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Alec Baldwin Accused of Recklessness With Guns Before ‘Rust’ Shooting

Prosecutors in the Alec Baldwin trial intend to argue that the actor displayed a pattern of recklessness with firearms on the set of “Rust” before the fatal shooting of the film’s cinematographer.

In a filing on Monday, prosecutors Kari Morrissey and Erlinda Johnson alleged that Baldwin fired a blank round at a crew member while using the crew member to establish a line of sight. The prosecutors also accuse Baldwin of engaging in “horseplay” with a revolver during training, and allege that he was “erratic and aggressive” during filming, which raised safety concerns.

Baldwin is set to go on trial on July 9 in Santa Fe, N.M., on a charge of involuntary manslaughter in the death of Halyna Hutchins. The actor is accused of negligently pointing a replica of a vintage Colt revolver at Hutchins and pulling the trigger, causing her death. Baldwin has denied pulling the trigger, and pleaded not guilty.

In the filing, the prosecution spelled out the “other acts” evidence they intend to introduce to show that Baldwin’s carelessness was not limited to the fatal accident.

Much of that evidence was made public during the trial in February of Hannah Gutierrez Reed, the “Rust” armorer who loaded a live bullet into Baldwin’s gun, and who is now serving an 18-month sentence.

The jury in that trial was shown videos of Baldwin pointing his revolver in the general direction of the crew to direct them on where to position themselves, and firing a blank round after “cut” was yelled.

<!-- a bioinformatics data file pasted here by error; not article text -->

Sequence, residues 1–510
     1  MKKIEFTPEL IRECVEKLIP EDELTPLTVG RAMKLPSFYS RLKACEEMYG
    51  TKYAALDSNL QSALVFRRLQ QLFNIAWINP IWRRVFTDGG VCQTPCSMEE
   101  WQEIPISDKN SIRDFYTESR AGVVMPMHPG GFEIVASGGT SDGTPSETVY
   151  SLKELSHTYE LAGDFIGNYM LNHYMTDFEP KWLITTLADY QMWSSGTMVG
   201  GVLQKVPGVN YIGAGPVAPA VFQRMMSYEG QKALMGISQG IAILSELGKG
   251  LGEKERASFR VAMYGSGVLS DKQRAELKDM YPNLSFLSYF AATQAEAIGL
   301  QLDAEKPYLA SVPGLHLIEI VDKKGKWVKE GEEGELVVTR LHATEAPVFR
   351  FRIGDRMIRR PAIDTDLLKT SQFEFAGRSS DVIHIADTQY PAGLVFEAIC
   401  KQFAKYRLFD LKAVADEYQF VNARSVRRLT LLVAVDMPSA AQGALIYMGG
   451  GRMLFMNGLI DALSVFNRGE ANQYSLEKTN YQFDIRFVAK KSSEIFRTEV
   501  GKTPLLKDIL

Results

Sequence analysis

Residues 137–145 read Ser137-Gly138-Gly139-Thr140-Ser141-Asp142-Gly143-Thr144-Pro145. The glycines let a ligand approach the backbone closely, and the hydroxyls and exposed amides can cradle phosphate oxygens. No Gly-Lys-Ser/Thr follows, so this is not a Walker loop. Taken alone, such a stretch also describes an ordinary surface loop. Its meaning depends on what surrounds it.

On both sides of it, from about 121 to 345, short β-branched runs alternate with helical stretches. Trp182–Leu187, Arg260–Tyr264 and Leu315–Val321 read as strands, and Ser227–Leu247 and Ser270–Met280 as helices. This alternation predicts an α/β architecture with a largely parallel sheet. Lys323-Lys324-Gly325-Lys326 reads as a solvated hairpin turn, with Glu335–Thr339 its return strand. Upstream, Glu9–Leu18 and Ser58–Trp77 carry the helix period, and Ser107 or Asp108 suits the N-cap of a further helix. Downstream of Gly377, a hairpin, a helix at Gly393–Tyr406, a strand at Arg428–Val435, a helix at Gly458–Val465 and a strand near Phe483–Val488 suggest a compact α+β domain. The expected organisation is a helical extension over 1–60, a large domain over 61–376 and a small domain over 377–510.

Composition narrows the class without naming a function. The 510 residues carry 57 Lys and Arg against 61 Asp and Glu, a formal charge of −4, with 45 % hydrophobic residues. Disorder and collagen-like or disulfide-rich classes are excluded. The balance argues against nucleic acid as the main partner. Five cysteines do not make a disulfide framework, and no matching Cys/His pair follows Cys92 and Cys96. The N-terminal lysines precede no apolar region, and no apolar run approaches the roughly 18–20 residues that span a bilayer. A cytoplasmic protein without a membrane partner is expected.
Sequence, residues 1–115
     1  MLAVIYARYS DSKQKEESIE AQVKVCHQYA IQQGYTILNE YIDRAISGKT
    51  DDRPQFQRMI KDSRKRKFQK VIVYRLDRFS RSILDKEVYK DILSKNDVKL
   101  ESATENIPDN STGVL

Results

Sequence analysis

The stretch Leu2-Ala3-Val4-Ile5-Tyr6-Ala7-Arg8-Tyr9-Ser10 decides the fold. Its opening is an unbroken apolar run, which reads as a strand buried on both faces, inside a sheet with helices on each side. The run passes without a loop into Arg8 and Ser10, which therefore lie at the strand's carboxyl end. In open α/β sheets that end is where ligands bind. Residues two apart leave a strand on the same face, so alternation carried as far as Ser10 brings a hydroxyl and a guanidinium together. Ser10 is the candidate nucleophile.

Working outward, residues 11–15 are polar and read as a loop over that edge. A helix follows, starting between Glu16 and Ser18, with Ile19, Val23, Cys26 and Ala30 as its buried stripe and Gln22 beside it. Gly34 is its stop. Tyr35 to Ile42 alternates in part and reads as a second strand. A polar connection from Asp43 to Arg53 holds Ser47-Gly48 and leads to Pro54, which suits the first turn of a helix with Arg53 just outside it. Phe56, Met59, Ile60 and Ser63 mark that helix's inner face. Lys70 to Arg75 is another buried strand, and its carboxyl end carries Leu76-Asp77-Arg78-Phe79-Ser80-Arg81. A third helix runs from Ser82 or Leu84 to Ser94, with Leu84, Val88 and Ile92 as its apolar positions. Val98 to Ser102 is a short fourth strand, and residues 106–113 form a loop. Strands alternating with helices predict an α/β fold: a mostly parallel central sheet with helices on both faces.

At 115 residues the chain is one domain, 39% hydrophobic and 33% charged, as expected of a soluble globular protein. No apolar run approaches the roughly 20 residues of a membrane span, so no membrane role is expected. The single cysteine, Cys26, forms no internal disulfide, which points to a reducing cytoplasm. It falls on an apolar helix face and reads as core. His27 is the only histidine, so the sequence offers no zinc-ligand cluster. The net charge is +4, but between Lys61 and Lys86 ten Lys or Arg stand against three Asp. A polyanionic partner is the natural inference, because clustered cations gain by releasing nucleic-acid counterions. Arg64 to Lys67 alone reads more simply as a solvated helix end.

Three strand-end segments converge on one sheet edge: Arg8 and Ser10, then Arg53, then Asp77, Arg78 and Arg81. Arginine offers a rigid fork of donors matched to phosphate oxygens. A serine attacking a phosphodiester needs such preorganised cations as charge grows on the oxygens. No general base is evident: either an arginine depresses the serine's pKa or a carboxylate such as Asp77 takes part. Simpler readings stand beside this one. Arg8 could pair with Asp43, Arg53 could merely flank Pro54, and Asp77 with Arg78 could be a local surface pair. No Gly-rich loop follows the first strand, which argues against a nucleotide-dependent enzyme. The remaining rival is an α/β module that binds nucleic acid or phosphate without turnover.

In another video, he could be seen rushing the crew to reload in order to quickly do another take. Another video showed Baldwin with his finger on the trigger of his revolver, in apparent violation of industry rules. Prosecutors also allege that in some videos, Baldwin would cock and un-cock his gun for no reason.

Prosecutors have previously alleged that Baldwin’s hot-headed behavior on set contributed to lapses in safety protocols.

The new filing also alleges that Baldwin insisted on not being held to industry safety standards when filming resumed on “Rust” in Montana some 18 months after the fatal shooting.

With the filing, the prosecution put the defense on notice of the evidence it intends to introduce, which gives the defense an opportunity to object. The prosecutors argue that the evidence is admissible, either as “intrinsic” evidence of the crime, or as “other acts” evidence that is relevant to a material issue in the case.

Such evidence would be inadmissible if it only underscored Baldwin’s character, without shedding light on anything material to the alleged crime. In an earlier filing, Morrissey referenced a “long history” of aggressive behavior on Baldwin’s part going back to 2007, including punching a man in a fight over a parking space and allegedly assaulting a photographer. The prosecutor has also stated that such episodes have “nothing to do” with the Hutchins case, and she is not seeking in the filing to raise them at trial.

Baldwin’s attorneys declined to comment.

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